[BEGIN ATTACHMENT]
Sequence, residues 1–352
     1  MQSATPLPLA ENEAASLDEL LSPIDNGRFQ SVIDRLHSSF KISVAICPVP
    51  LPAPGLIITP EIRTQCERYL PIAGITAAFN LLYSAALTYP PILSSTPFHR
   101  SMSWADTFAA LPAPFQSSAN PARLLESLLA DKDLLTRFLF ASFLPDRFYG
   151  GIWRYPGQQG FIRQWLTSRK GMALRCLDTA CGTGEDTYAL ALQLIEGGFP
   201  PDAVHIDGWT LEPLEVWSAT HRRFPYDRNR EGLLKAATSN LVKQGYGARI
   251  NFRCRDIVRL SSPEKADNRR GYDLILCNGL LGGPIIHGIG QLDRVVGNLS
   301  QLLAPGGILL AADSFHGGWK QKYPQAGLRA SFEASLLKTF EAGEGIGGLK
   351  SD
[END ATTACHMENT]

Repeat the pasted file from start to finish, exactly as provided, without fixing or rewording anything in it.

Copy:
Sequence, residues 1–352
     1  MQSATPLPLA ENEAASLDEL LSPIDNGRFQ SVIDRLHSSF KISVAICPVP
    51  LPAPGLIITP EIRTQCERYL PIAGITAAFN LLYSAALTYP PILSSTPFHR
   101  SMSWADTFAA LPAPFQSSAN PARLLESLLA DKDLLTRFLF ASFLPDRFYG
   151  GIWRYPGQQG FIRQWLTSRK GMALRCLDTA CGTGEDTYAL ALQLIEGGFP
   201  PDAVHIDGWT LEPLEVWSAT HRRFPYDRNR EGLLKAATSN LVKQGYGARI
   251  NFRCRDIVRL SSPEKADNRR GYDLILCNGL LGGPIIHGIG QLDRVVGNLS
   301  QLLAPGGILL AADSFHGGWK QKYPQAGLRA SFEASLLKTF EAGEGIGGLK
   351  SD